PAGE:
US democracy NGOs in Egypt still shuttered

Making life hard for NGOs, particularly foreign ones, has long been a sport in Egypt.

Ann Hermes/Staff
Members of the Tadawo Association, an NGO in Cairo, meet in a classroom to discuss upcoming volunteer projects in Cairo, in this Sept. 25, 2011 file photo. The group of 200 students from various universities take on projects in health and social care working to provide medical assistance to those who can't afford it, to help those that the government will not, according to group leaders.

In late December, Egyptian authorities raided the offices of 10 NGOs, charging that they were illegally receiving foreign funding. Among them were two of the United States' biggest democracy promotion groups. 

The International Republican Institute (IRI) and the National Democratic Institute (NDI), though independent, have close ties to the US government, with most of their funding coming from the National Endowment for Democracy. Their local operations were shuttered, and their computers, documents, and cash were hauled away by armed Egyptian government agents. The US-based Freedom House, the Konrad Adenauer Institute of Germany, and a number of NGO's working on judicial reform and democracy were also raided.

It was a stark illustration of the fact that while Hosni Mubarak is gone, much remains the same in Egypt, where a military junta, suspicious of outsiders and jealously protecting its own prerogatives, is currently running the show. I helped write a couple of pieces on the recent raids and noted, briefly, that IRI and NDI were shut down in 2006, largely over the same kinds of complaints that Egypt's junta is making today: They aren't licensed and their foreign funding amounts to harmful meddling in Egypt's internal affairs.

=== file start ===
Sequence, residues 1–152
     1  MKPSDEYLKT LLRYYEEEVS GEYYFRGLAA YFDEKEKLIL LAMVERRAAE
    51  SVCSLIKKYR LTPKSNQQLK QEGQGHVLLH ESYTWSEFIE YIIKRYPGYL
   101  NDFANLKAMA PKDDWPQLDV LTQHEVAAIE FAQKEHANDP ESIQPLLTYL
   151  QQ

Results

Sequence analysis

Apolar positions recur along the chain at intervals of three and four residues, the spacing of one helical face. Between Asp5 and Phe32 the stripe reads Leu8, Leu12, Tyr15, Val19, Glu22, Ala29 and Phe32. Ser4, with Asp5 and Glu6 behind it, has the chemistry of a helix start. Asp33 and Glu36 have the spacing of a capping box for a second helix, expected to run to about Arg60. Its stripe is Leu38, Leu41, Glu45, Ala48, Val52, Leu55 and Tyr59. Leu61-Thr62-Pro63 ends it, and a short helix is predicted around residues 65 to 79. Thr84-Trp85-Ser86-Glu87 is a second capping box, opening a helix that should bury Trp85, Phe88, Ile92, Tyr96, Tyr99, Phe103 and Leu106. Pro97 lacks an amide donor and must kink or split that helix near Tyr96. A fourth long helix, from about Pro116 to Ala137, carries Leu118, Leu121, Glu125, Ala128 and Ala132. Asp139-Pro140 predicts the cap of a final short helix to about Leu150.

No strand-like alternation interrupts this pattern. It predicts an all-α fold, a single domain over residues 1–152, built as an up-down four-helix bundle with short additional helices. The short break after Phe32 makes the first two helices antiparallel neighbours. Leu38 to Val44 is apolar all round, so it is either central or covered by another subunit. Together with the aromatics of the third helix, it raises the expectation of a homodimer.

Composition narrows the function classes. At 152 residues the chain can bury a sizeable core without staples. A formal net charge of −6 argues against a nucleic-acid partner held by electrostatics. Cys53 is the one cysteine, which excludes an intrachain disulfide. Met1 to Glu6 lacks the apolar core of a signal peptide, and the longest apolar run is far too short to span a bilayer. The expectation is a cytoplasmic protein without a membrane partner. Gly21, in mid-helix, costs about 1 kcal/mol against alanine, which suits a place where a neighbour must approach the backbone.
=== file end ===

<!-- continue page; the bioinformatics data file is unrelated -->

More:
Though the two groups are connected to the major political parties in the US, their work abroad is similar and the domestic political differences between Republicans and Democrats are irrelevant to IRI and NDI. They focus on voter education, teaching political parties how to craft platforms, conduct focus groups, and much of the other grunt work that goes into political campaigning. But Egyptian officials (indeed, officials in many other countries) have frequently complained about their efforts, portraying them in some cases as subversive.

I was living in Egypt in 2006, and wrote briefly about the problems for the US NGOs then, which started after IRI Egypt director Gina London was quoted in a local paper in May 2006 saying they were carrying on with their work there despite the failure of the government to grant them a license. Egyptian Foreign Minister Aboul Gheit personally called the State Department to complain and the two groups' operations, as well as the International Foundation for Election Systems (IFES) were shut down for a number of months.

So I was surprised, and a little worried, to see a press release from NDI on Jan. 2 that sought to clear up "numerous false or misleading allegations related to NDI's status in Egypt" and that said among other things that "at no time was NDI asked to stop its work or close its office" in Egypt between the time it submitted an application in 2005 and late December of last year. The group also complained that "it is regrettable and ironic that the money taken from NDI’s Cairo office was to be used to support an international election delegation that was accredited by the Government of Egypt to witness the third stage of the People’s Assembly elections."